What’s a serger, and should I buy one?

I remember when I found out what serger was. I was 19, and I was shocked that it took me so long to pay attention to how my t-shirts were sewn together. So if you don’t know what a serger is, you’re definitely not alone. If you’re wearing a t-shirt right now, the interior side seams were sewn together with a serger. If you’re wearing jeans right now, the interior inseams were sewn together with a serger. You can tell because the two pieces of fabric are bound together with multiple threads. A serger is also called an overlock machine, and most of them cut the excess fabric edge as the two pieces are sewn together.

serger

In case you’re reading this naked and can’t look for yourself, here’s an example of an interior t-shirt seam:

what's a serger

Here’s an example of an interior denim inseam:

what's a serger

I didn’t use a serger until I got to apparel design school, years after I learned what they were. It was a bit of a mind blowing experience to be honest. The worst part about them is when you have to thread one, but otherwise they are totally amazing. It makes the interior of any garment look very polished, but you can also serge and cut as you go to make something really quickly. I would recommend buying a serger if you: make more than a dozen projects a year, would make more projects (baby burp cloths, etc.) if it was easier, or if you just want to learn something new. They’re extremely easy once you know what you’re doing. I got mine off of Craigslist for $120 about 8 years ago and I use it all the time. I get it professionally serviced every couple of years and that’s it. Below are some ideas if you’re in the market for one.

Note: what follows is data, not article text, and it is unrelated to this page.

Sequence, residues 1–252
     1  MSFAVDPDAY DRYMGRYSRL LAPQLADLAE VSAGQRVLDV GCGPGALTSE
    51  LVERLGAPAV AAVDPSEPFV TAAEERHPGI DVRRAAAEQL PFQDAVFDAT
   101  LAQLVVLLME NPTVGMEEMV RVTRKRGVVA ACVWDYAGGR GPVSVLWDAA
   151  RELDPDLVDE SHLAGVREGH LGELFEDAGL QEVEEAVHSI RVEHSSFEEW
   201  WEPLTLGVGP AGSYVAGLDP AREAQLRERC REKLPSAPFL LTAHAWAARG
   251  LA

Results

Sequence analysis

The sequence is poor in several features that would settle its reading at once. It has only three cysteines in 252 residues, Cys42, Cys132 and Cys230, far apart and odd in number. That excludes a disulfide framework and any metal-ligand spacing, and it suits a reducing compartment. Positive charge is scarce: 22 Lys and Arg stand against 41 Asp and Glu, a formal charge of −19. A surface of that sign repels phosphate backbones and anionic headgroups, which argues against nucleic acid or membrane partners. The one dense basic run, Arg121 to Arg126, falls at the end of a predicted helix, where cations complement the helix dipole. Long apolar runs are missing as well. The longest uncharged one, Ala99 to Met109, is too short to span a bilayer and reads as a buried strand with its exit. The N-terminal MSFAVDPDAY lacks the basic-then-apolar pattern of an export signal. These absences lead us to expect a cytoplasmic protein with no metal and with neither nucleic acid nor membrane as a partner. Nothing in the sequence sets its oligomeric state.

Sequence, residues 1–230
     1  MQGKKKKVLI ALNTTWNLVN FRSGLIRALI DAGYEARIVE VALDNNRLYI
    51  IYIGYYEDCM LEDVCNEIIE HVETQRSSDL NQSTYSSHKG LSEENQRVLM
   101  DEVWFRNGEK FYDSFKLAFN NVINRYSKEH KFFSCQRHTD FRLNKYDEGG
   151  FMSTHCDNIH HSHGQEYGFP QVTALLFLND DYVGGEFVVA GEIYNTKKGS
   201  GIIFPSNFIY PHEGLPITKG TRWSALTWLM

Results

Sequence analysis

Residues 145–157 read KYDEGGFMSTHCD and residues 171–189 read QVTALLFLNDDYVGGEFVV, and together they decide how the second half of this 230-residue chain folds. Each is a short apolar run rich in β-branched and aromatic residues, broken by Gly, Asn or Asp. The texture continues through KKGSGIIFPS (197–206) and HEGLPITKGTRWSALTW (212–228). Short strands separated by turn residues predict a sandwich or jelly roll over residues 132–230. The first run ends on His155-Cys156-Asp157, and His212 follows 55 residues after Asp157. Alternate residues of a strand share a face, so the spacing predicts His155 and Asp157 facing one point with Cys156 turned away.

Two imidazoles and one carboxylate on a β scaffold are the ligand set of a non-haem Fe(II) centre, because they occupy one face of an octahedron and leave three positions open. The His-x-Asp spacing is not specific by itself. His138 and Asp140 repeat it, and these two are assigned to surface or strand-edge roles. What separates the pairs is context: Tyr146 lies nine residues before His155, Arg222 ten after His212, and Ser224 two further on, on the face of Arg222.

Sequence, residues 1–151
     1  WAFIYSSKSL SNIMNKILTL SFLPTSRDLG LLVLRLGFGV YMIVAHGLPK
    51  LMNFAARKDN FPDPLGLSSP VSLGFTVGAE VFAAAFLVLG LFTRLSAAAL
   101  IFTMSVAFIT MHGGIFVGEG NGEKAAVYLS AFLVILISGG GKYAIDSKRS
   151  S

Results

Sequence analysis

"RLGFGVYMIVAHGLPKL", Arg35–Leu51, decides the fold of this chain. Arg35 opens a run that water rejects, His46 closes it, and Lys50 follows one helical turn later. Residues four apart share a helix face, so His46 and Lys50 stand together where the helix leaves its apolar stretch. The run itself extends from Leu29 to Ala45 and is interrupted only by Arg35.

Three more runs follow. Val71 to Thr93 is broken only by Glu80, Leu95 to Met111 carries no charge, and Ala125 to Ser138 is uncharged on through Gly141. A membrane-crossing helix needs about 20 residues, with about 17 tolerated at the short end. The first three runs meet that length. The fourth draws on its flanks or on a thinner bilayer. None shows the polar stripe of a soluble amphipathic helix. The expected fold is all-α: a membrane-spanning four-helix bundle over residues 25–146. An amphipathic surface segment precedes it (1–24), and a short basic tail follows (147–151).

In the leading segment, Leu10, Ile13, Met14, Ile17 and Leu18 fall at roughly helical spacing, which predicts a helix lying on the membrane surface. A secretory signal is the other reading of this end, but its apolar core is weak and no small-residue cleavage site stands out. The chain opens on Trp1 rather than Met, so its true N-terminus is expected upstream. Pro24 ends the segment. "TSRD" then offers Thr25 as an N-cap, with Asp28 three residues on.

1. Singer 14CG754 Pro Finish
    Cost: $197.07
    Rating: 4.4/5 with 381 customer reviews
  2. Janome 8002D
    Cost: $249
    Rating: 4.6 with 23 customer reviews
  3. Brother Designio Series DZ1234 Serger
    Cost: $252.55
    Rating: 4.5/5 with 258 customer reviews
  4. Check Craigslist or Ebay for an inexpensive option. The one I have now is a Euro-Pro (which I would obviously recommend), and the ones I used in school were Juki.

Set aside some time when you first get it to read the entire manual, and then set aside some more time to learn how to thread it. It’s the hardest part, but once you have that down you’ll be smooth sailing.

Good luck!

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